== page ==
On a single day earlier this month, the food and pharmaceutical recalls announced in SafetyAlerts' e-mail newsletter were enough to send almost every consumer scurrying to check cupboards and medicine cabinets. Look at these:
* Mrs. Smith's Bakeries recalled 55,788 cases of 12 ready-to-bake desserts and three other desserts because of salmonella contamination.
* Arla Foods recalled nearly 30,000 jars of Mediterra Danish Feta in Oil and Spices contaminated with glass fragments.
* Adams US recalled 1,242 cases of Mountain Menthol and Black Cherry Halls Sugar Free Cough Drops because of possible contamination with metal particles.
* Pfizer recalled 12.6 million trial-size tubes of Listerine Essential Care Gel Toothpaste and Essential Care Tartar Control Gel Toothpaste because the active ingredient methyl salicylate was "subpotent."
That's not all, but you get the idea. Fortunately, some days are slower at www.SafetyAlerts.com, a free, comprehensive and up-to-the-minute recall Web site and e-mail service that delivers potentially life-saving notifications to e-mail in-boxes within 24 hours after a recall is announced. Online, it maintains an easy-to-use database of past recalls, product warnings and other safety features.
"In a typical recall, less than 10 percent of consumers actually get notified and, on average, less than 40 percent of a product is accounted for," says William Knegendorf, president and CEO of Worldwide Alerts Inc. and SafetyAlerts.
Formerly a commercial banker and business consultant, Knegendorf recalls one morning years ago when he heard on the radio about a frozen ground-beef recall because of E. coli contamination. Later, when telling his wife, he couldn't remember the brand name. He watched for it on television, but it wasn't mentioned.
Looking up recalls from the previous two weeks, he was flabbergasted to find how many he had never heard about. His goal at SafetyAlerts is to change that.
"Our mission is to distribute recall and product-hazard information to consumers on a nationwide basis immediately," he says.
SafetyAlerts' Web site gets 10 million hits a month -- up from 2.5 million a year ago. Almost 250,000 people have registered on-site to receive its e-mailed recall notices that, on the average, are sent four out of five days.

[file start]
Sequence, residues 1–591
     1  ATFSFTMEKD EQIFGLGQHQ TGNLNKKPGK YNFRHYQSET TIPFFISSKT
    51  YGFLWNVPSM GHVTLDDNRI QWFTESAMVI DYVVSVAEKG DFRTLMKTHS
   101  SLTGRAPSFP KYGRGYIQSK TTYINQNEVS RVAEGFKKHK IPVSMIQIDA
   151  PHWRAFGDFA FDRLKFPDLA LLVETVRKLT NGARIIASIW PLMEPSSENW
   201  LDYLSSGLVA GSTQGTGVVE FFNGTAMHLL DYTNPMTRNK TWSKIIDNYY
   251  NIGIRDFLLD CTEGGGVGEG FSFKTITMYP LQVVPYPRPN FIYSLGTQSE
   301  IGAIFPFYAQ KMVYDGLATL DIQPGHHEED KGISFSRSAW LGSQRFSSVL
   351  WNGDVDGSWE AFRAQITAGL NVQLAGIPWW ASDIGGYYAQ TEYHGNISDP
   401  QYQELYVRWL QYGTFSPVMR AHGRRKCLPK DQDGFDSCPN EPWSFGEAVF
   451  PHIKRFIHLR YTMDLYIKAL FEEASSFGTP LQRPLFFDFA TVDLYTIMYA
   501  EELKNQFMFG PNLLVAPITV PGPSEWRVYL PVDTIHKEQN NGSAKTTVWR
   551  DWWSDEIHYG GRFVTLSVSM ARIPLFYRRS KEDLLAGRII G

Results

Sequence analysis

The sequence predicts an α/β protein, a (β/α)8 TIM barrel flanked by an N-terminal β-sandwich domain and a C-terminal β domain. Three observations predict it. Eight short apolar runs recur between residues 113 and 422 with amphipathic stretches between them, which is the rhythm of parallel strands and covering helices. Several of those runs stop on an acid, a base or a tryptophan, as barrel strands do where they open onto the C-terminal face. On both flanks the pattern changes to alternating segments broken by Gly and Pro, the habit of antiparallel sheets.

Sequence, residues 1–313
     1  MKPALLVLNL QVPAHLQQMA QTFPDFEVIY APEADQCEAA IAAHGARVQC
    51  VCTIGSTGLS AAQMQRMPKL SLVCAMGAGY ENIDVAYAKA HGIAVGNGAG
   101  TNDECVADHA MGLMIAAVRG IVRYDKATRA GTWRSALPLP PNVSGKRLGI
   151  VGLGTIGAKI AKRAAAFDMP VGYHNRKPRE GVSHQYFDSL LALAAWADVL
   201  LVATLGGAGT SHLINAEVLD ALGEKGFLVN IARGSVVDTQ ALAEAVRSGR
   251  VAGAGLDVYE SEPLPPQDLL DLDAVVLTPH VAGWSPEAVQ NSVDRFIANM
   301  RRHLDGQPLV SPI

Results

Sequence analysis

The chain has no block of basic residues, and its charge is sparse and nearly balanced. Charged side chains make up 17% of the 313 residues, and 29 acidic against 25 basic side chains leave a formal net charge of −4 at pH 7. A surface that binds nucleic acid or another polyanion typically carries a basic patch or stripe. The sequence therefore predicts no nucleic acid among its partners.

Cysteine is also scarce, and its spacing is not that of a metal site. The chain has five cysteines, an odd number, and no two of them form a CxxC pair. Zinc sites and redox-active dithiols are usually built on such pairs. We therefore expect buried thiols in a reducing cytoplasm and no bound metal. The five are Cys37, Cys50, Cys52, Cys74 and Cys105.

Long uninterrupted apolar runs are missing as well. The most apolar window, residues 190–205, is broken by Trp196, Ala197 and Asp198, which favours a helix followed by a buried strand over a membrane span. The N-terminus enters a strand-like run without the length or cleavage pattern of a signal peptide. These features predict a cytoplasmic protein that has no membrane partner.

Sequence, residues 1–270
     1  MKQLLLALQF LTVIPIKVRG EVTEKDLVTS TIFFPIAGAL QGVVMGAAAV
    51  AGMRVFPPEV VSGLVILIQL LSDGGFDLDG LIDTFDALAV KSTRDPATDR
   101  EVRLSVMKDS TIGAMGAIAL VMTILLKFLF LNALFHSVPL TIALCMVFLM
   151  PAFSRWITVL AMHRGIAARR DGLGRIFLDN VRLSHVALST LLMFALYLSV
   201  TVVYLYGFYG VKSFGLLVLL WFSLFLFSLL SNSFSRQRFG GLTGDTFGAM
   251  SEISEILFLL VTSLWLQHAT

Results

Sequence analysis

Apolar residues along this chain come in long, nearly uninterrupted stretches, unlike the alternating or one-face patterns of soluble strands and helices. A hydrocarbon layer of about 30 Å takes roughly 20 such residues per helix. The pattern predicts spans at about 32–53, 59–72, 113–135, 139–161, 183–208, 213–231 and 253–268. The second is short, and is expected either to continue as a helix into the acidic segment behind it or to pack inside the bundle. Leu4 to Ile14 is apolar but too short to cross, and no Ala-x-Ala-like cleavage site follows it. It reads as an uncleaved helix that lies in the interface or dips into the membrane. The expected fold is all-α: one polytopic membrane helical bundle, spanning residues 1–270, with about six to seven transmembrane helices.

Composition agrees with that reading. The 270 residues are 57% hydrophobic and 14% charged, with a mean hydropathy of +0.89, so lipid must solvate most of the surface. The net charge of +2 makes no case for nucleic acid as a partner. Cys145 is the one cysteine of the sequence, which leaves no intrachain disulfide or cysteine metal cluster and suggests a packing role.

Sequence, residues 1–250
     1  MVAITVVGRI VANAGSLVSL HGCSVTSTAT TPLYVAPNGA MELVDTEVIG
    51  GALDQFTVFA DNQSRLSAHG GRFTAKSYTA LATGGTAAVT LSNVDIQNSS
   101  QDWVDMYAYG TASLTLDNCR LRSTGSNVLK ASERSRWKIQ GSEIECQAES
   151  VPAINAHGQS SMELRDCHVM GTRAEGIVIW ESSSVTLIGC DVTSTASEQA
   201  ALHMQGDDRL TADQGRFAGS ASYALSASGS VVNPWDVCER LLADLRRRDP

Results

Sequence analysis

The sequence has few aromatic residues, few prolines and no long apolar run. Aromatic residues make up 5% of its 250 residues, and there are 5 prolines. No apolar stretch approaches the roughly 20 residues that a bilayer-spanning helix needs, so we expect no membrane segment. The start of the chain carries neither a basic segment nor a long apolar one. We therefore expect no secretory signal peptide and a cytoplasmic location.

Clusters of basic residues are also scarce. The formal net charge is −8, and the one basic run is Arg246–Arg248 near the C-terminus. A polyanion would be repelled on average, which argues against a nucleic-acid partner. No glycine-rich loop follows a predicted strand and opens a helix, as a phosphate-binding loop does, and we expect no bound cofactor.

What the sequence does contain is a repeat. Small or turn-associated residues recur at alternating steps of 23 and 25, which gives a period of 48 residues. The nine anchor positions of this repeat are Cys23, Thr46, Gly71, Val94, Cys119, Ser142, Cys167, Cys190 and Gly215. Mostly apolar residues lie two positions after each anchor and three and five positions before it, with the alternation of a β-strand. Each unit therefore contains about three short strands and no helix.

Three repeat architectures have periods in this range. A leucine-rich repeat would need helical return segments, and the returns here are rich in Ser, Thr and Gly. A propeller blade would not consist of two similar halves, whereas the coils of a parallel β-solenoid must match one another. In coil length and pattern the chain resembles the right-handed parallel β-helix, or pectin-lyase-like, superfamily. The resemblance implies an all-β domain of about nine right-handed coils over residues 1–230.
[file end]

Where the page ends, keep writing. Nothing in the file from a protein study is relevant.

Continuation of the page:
"That just reflects the number of recalls -- 1,575 last year," says Knegendorf. "Some of our registrants say they check the Web site multiple times during the day because they don't want to be feeding a child something at lunchtime and find out later it had been recalled."
The e-mail newsletter typically provides a daily dose of summarized alerts of all kinds with links to more in-depth information online. Consumers can customize the e-mail service to match their interests and lifestyles -- choosing from alert categories such as food (contaminants, listeria, salmonella, E. coli, etc.), child-infant (manufacturing flaws in toys, pacifiers, cribs, etc.), general products (appliances, clothing, cosmetics, sports, electronics, etc.) and drugs (warnings about medication errors).
Consumers can also be notified about specific food allergy warnings and automotive recalls, and even have their notices localized.
"People don't want to deal with the five federal regulatory agencies," says Knegendorf. "They don't want to have to monitor EPA and NHTSA and CPSC and the others."
Other recall notification services provide similar information -- but none as immediate and all-encompassing. Many Web sites or services, such as www.babycenter.com and www.WebMED.com, are more narrowly focused. Others report weekly or monthly: Last week, ConsumerReports.org announced the launch of its free e-mail alert service, distributed monthly and whenever there's vital information that requires immediate attention.
By year's end, Knegendorf says SafetyAlerts will increase consumer privacy and security online, eliminate advertising on the Web site and enable users to connect directly with manufacturers.
But the bottom line, he says, remains timeliness and comprehensive reporting of recalls. "Monthly is the standard for recall notification services," says Knegendorf. "Our philosophy is that if it threatens the health and safety of you or a loved one, you need the information now."
Got a consumer complaint? Question? E-mail details to email@example.com or write Don Oldenburg, The Washington Post, 1150 15th St. NW, Washington, D.C. 20071.